Appropriately, it being the 150th Anniversary Celebration of the Kentucky Press Association, Neil Kasiak, oral historian from Eastern Kentucky University, set up shop around the Trade Show to make members aware of the Oral History Project at EKU, especially the history involving newspapers and to schedule additional interviews for recording Kentucky’s history.
Those interviews, now totaling about 150 and covering almost every Kentucky county, are part of the William H. Berge Oral History Center. While there may be earlier interviews, many were done back in the 1979-1980s and include editors, publishers and owners as part of the project. For the current generation of newspaper folks, there’s a wealth of experience covered by the ones interviewed. Many I know or knew, several I had forgotten about their role in newspapers and still some I’ve never heard of.
Browse the list of names here — https://oralhistory.eku.edu/collections/show/17 — and chances are you’ll find someone from your newspaper or your county who has been interviewed. The list does not include recent interviews, such as those completed at or since the January 2019 150th Anniversary Convention. But those interviews and others are being added in the near future according to Kasiak.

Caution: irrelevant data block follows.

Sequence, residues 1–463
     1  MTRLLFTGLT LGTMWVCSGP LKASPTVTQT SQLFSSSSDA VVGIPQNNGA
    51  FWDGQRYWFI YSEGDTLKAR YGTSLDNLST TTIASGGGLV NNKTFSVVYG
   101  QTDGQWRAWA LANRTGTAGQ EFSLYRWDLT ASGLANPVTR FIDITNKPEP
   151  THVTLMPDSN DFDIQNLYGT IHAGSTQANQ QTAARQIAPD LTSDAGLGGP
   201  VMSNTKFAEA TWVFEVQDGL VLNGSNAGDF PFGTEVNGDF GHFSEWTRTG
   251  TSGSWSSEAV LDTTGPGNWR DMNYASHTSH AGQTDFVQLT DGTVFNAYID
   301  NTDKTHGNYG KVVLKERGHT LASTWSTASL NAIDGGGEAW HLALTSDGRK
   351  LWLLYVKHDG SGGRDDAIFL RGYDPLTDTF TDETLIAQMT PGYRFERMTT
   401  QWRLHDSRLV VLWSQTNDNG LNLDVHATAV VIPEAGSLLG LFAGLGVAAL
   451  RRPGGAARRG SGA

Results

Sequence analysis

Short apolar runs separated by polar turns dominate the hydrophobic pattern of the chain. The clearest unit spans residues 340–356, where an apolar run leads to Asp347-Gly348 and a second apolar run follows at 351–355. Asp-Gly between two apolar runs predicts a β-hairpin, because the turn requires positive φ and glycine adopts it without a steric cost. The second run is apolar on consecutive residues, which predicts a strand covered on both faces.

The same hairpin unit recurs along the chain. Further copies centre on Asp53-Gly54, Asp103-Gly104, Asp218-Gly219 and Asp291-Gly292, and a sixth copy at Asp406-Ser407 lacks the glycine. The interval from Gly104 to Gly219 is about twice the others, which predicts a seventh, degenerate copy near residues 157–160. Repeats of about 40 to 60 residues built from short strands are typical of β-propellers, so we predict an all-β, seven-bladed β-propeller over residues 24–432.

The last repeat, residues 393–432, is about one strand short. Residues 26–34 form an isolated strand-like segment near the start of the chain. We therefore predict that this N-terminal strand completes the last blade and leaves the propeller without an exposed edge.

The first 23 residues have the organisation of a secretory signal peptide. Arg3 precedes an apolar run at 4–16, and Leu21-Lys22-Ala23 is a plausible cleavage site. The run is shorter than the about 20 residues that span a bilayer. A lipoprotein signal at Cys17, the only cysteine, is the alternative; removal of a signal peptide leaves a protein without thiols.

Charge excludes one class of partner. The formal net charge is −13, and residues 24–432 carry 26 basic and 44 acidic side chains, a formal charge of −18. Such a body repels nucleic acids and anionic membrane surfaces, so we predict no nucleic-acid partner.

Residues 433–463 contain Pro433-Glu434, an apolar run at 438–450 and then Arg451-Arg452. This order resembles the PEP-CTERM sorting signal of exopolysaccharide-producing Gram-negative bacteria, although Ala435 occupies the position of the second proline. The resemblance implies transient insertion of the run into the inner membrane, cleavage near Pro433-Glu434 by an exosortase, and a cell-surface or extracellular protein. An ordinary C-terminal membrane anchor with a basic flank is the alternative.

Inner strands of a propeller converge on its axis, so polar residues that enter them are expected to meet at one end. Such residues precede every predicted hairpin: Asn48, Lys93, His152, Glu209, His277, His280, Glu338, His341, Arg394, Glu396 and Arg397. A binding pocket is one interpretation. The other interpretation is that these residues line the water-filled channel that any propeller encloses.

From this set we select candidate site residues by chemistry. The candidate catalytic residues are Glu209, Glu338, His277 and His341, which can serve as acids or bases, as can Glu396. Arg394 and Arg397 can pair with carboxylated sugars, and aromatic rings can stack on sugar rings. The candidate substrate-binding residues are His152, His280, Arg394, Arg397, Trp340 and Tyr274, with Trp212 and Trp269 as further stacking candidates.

If you’re interested in being interviewed for the project, contact Neil Kasiak at EKU and see about setting up an interview. As indicated at the convention, the center is hoping to add many more voices to the history project so he’s welcoming those who want to participate.
Neil can be contacted by phone at 859-622-2820 or by email at firstname.lastname@example.org
This project was done in conjunction with two others: Kentucky County Judges and Kentucky School Superintendents. The purpose of the three projects was to document Kentucky politics by interviewing politically astute members of the local power structure (judges and school superintendents) and observers of local politics (newspaper editors and owners).
Journalists discuss politics in their counties, their roles and influence in the history of their counties, and their personal histories and careers. Almost all Kentucky counties are represented.